Internationally renowned physicist, human rights champion and Soviet-era dissident Yuri Orlov, professor emeritus of physics in the College of Arts and Sciences (A&S), died Sept. 27 in Ithaca. He was 96.
The powerful new telescope being built for an exceptional high-elevation site in Chile by a consortium of U.S., German and Canadian academic institutions, led by Cornell, has a new name: the Fred Young Submillimeter Telescope (FYST).
Maps are more than two-dimensional representations of three-dimensional terrain. They are also powerful political tools to control territory, as Cornell sociologist and science studies scholar Christine Leuenberger explains in her new book, “The Politics of Maps: Cartographic Constructions of Israel/Palestine,” co-written with Izhak Schnell of Tel Aviv University.
A new animation about two innovative telescopes being developed at Cornell has just been released by the research group led by Michael Niemack, associate professor of physics and astronomy in the College of Arts and Sciences.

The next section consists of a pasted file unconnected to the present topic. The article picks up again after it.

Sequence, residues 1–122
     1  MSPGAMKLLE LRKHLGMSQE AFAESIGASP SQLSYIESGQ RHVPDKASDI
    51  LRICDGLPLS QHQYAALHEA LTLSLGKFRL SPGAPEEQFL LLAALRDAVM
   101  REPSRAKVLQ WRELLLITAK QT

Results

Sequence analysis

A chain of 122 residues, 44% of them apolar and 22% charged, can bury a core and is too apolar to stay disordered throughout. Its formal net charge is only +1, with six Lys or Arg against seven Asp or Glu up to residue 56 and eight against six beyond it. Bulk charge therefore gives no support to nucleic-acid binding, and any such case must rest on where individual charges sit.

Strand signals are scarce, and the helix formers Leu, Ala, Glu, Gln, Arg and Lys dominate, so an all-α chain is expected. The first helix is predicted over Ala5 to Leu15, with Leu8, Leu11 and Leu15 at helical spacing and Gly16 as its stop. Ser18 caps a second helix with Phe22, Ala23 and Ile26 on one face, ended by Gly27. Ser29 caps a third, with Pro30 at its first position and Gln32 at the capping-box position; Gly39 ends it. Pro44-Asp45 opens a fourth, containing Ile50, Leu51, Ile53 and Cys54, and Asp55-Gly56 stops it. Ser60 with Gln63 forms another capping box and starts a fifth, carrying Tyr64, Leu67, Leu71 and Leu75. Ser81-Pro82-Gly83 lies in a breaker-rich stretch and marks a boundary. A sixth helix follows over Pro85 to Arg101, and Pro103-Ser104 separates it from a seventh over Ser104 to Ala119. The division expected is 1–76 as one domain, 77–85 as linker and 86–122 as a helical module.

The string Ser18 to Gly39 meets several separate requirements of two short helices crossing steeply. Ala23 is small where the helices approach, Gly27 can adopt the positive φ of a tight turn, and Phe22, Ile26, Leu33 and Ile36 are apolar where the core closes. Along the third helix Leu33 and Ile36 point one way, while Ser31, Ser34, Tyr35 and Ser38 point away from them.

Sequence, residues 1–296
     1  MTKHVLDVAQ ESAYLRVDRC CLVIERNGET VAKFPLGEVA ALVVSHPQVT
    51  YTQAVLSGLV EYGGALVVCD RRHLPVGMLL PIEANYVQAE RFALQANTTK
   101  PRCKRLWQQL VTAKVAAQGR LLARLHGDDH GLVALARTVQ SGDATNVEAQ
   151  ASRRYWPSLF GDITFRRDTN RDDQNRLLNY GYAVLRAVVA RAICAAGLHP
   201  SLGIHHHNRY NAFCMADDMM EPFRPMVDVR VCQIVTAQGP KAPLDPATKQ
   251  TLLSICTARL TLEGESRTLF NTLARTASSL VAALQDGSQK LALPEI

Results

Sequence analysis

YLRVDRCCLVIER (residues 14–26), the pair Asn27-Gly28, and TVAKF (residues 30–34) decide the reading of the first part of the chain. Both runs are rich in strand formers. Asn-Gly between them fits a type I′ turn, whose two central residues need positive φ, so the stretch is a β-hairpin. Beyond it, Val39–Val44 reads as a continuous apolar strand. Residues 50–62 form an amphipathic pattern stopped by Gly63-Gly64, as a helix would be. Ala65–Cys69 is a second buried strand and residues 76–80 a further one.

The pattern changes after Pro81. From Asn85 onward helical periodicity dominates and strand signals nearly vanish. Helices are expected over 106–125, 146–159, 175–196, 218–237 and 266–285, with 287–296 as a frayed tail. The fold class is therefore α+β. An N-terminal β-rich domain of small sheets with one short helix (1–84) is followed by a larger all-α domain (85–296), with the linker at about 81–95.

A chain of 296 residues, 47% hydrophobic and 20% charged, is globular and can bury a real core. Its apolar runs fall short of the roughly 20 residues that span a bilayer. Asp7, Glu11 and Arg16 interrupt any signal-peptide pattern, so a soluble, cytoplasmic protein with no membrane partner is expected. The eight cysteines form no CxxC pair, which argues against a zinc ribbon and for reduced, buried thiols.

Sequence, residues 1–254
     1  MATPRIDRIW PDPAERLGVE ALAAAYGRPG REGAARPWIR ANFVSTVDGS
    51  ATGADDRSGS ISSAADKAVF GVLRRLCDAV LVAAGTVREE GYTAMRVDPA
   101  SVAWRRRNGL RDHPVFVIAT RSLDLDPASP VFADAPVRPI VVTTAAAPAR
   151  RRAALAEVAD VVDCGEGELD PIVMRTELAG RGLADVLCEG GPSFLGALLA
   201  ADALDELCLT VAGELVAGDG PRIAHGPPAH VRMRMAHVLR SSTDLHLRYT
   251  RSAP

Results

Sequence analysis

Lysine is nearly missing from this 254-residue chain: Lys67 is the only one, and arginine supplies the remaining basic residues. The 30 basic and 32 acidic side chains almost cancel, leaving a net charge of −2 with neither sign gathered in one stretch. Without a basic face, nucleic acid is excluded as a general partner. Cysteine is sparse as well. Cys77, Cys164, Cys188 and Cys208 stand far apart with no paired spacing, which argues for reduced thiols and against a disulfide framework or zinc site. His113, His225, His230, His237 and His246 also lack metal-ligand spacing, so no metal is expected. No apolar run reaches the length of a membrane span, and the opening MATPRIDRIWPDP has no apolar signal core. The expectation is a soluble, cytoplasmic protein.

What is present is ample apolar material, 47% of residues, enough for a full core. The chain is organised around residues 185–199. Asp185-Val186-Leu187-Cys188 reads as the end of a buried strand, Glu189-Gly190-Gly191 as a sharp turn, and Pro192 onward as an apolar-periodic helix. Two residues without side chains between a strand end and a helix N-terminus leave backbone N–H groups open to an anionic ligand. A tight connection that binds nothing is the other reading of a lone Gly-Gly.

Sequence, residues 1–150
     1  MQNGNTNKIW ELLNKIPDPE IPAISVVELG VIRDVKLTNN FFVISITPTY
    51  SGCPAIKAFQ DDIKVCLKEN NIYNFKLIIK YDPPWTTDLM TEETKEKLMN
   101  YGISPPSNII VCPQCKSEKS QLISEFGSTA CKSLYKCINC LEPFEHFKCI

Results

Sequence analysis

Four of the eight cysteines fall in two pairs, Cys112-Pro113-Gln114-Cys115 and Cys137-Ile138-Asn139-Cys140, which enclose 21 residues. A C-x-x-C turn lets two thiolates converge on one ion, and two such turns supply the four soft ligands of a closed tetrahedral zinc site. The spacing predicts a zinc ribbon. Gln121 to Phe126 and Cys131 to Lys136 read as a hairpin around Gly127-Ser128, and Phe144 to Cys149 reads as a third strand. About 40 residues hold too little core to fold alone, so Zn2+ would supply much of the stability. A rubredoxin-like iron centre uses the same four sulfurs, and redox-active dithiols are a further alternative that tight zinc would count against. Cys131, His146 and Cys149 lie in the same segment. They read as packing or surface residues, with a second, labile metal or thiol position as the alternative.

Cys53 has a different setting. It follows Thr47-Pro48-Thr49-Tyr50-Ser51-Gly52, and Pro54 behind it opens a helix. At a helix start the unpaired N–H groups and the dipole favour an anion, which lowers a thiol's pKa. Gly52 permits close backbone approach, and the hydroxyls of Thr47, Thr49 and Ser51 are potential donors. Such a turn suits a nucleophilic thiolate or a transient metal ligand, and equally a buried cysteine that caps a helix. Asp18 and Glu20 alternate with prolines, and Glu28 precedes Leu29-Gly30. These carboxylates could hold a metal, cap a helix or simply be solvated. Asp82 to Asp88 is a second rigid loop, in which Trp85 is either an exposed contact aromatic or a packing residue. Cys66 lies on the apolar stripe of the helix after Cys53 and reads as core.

The two-minute video explains how researchers are “measuring the oldest light in the universe with the highest telescopes on Earth.”
In a group decision-making process such as the one happening in the U.S. this November, swing voters are crucial. At least that’s the conventional wisdom.
Whether it’s a presidential election, a Supreme Court vote or a congressional decision – and especially in highly partisan environments, where the votes of the wings are almost guaranteed – the votes of the few individuals who seem to be in the middle could tip the scales.
In this time of increasing political polarization, the participation of scientists in political advocacy has become yet another flashpoint, with some critics accusing scientists of being self-serving if they advocate for increased science funding.